Renowned for putting faith in the man in the hot seat, the club's decision to relieve Patterson of his duties in April 2011 came as a shock to the Irish Premiership, but, having re-established himself as one of the division's best managers at Glentoran, Patterson insists he holds not even the slightest of grudges against the club he turned out for as a player.
In hindsight, it proved a shrewd move by the Cliftonville board, which is largely made up of members of the Protestant community despite the club's largely Catholic following, as Patterson's replacement and former assistant Tommy Breslin continued the trend of being promoted from within and taking the side to the next level.
Romantically, the large majority of Breslin's squad hails from Belfast and the likes of Marc Smyth (Ayr United, Partick Thistle and Airdrie United) and Martin Donnelly (Sheffield United and Rochdale) have experience of plying their trade at a higher level overseas, but none more glamorous than this season's top scorer, Liam Boyce.
In his first full season back at Solitude after failing to break into the first team at Bundesliga mainstays Werder Bremen, Boyce picked up where he left off in his hometown, to date scoring 36 goals in a single campaign, breaking an 81-year-old club record previously held by Norman McCaw.
"It's nice to have that wee bit of history for myself, especially because I know Cliftonville have had plenty of quality players over the years," Boyce told the club's official website.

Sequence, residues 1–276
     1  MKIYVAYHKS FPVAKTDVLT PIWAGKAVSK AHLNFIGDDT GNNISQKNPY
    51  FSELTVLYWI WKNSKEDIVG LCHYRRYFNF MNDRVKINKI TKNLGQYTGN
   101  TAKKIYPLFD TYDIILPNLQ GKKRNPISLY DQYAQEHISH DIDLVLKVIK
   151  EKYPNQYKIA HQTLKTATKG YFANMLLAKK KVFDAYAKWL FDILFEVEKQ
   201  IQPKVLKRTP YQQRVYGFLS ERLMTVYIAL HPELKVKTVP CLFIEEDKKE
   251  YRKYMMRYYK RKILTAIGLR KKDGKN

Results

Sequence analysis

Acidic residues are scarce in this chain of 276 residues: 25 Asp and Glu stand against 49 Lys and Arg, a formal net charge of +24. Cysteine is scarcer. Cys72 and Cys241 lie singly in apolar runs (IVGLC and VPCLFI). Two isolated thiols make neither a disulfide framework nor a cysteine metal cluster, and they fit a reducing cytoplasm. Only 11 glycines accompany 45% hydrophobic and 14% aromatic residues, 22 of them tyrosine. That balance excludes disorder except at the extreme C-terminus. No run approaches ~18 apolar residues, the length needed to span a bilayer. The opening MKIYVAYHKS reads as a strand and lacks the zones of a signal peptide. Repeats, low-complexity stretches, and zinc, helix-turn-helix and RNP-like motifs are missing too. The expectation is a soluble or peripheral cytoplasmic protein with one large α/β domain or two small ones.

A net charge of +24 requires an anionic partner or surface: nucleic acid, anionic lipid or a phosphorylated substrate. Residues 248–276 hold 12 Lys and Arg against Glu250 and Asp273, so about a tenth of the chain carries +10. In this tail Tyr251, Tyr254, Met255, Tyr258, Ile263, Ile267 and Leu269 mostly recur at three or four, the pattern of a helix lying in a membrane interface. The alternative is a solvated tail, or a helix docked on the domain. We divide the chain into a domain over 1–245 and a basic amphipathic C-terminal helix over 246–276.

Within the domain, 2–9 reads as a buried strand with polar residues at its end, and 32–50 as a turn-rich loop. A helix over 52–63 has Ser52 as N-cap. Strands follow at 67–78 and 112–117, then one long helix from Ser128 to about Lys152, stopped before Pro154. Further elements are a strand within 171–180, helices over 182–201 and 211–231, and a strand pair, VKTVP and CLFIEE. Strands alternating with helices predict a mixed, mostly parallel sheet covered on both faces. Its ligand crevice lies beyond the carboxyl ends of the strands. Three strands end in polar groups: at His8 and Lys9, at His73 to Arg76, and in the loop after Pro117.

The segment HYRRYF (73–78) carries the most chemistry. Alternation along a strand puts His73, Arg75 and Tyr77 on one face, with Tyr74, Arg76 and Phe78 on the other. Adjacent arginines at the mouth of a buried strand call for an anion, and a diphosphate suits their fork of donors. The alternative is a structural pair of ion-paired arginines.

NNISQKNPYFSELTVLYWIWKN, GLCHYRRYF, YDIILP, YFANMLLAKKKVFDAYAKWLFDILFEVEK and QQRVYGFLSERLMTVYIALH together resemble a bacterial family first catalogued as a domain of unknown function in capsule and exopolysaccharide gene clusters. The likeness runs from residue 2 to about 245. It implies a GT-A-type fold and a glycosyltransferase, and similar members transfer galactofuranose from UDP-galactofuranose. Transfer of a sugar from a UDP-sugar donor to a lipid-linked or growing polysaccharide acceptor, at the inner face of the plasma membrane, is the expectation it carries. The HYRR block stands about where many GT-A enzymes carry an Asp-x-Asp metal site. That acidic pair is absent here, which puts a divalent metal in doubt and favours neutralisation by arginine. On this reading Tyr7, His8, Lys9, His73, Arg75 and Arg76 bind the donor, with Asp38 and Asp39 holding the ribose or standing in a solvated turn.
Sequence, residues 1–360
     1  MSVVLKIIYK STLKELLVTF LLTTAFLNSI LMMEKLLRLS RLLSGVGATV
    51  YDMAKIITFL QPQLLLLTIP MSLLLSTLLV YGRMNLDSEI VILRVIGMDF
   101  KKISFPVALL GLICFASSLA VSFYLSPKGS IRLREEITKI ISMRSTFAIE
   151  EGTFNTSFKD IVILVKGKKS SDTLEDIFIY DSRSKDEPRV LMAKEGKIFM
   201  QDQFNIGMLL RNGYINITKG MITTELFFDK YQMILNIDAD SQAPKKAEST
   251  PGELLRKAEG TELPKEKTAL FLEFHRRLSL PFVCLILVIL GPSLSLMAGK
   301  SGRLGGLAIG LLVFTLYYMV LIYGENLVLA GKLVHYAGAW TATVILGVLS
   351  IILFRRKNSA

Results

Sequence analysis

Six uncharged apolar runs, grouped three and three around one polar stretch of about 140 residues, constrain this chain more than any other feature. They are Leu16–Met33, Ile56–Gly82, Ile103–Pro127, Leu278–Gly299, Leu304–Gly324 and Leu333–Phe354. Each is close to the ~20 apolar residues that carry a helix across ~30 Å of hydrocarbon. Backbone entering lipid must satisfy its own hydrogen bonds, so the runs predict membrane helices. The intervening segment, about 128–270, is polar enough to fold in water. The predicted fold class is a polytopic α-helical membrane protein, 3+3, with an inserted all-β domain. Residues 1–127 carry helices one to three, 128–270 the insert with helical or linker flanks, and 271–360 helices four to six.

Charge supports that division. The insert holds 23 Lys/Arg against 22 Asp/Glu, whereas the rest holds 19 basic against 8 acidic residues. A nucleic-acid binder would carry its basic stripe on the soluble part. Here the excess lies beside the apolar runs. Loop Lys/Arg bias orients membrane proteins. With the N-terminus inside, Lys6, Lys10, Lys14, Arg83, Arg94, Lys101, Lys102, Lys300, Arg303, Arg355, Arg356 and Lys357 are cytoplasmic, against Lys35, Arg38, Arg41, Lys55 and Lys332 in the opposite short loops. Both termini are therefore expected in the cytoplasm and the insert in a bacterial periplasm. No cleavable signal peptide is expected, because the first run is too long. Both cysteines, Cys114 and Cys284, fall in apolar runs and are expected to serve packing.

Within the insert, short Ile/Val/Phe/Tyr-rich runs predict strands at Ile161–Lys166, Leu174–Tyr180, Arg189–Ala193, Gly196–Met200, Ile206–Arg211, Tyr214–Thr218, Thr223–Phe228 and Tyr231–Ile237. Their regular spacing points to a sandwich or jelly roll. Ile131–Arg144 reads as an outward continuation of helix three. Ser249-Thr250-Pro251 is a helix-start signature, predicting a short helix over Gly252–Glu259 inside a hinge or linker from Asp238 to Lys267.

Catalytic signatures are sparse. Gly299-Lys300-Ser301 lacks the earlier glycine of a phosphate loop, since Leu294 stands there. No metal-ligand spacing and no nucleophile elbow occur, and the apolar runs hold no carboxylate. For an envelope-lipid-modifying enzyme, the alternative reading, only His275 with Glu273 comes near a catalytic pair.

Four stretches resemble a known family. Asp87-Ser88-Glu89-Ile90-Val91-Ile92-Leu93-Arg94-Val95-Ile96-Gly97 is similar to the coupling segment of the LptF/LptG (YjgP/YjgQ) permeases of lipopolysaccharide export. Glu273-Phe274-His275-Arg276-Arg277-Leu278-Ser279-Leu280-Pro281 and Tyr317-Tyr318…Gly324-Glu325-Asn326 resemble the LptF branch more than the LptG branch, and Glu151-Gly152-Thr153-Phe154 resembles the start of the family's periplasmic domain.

Indeed they have, and Boyce will no doubt have been referring to fellow striker Chris Scannell, the 35-year-old club captain who spent the whole season out through injury, before Breslin handed him an honouree five-minute cameo on the last day of the league season, allowing him to jointly lift the trophy with McMullan.
But it's not only Boyce's Bremen history that links Cliftonville to German football.
Borussia Dortmund chief executive Hans-Joachim Watzke recently stated: "Germans want to have that sense of belonging. In Germany, we want everybody to feel it is their club, and that is really important. Our people come to the stadium like they are going to their family. Here, the supporters say: 'it's ours, it's my club'."
In the words of Breslin, Cliftonville "is a supporters' club." Turnstiles operated by trusted match-goers, fixture posters willingly plastered all over north Belfast and half-time money-raising raffles are all weekly chores voluntarily assumed by the community. Cliftonville is a club kept afloat by a pure love of the game.
They'll make their first Champions League appearance in 15 years this summer as they've earned the right to enter the competition at the Second Qualifying Round stage, with fans from both sets of supporters dreaming of a tie with Scottish champions Celtic.
Whatever the outcome of Saturday's cup final, long may Cliftonville reap the rewards of a commendable campaign.